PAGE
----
Consumers indirectly increase infection risk in grassland food webs
Most pathogens exist within complicated food webs of interacting hosts, vectors, competitors, and predators. Although theory has demonstrated a variety of mechanisms by which predation and competition in food webs can indirectly control infection risk in hosts, there have until now been no experimental tests of this theory. We sampled the effect of long-term exclusion of large vertebrate herbivores on the prevalence of infection by a group of aphid-vectored viruses that infect grasses (barley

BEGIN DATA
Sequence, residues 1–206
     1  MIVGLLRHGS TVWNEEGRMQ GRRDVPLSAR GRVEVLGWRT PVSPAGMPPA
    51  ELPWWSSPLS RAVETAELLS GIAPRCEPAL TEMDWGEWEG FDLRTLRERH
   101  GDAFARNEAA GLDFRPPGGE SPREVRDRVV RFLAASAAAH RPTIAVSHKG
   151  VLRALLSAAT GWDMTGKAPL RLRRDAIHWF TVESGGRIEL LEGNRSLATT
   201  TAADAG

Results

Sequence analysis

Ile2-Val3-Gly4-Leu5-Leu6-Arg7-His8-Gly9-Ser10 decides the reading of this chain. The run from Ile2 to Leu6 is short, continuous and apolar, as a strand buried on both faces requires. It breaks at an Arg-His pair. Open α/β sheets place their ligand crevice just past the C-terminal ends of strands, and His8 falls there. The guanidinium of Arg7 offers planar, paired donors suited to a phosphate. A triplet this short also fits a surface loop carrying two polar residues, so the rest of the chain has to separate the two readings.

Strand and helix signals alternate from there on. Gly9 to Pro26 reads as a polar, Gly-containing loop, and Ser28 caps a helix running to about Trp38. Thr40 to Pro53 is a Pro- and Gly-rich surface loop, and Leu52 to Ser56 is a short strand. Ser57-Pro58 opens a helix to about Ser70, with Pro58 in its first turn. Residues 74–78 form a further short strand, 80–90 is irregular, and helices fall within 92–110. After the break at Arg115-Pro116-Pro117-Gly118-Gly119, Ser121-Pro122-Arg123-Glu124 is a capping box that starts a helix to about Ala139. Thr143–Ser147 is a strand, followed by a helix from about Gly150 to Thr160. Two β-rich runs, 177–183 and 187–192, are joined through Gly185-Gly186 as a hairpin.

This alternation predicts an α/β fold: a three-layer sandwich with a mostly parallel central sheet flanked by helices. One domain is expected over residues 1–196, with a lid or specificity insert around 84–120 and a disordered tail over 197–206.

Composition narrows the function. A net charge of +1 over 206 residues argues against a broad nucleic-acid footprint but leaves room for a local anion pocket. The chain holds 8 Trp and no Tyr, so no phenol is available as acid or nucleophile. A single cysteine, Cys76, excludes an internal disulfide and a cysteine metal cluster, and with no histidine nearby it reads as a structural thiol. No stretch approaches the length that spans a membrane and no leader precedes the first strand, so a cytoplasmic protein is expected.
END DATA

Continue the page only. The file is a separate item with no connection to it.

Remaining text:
... d cereal yellow dwarf viruses) in an oak savannah in central California. We found that pathogen prevalence was ≈4-fold higher in the presence of consumers than in areas where they were excluded. Vertebrate consumers did not directly alter infection rates by this aphid-vectored pathogen group, but rather increased infection risk by increasing the relative abundance of highly-competent hosts in the grassland community. This large-scale experiment, measuring changes in host abundance and infection risk in response to altered consumption rates, confirms theoretical predictions that consumers can indirectly increase infection risk by altering the composition of whole communities. Most importantly, these results demonstrate that, even in complex natural communities, alterations to food web composition such as consumer invasion or extinction can lead to significant impacts that cascade throughout entire communities, including changes in infection risk.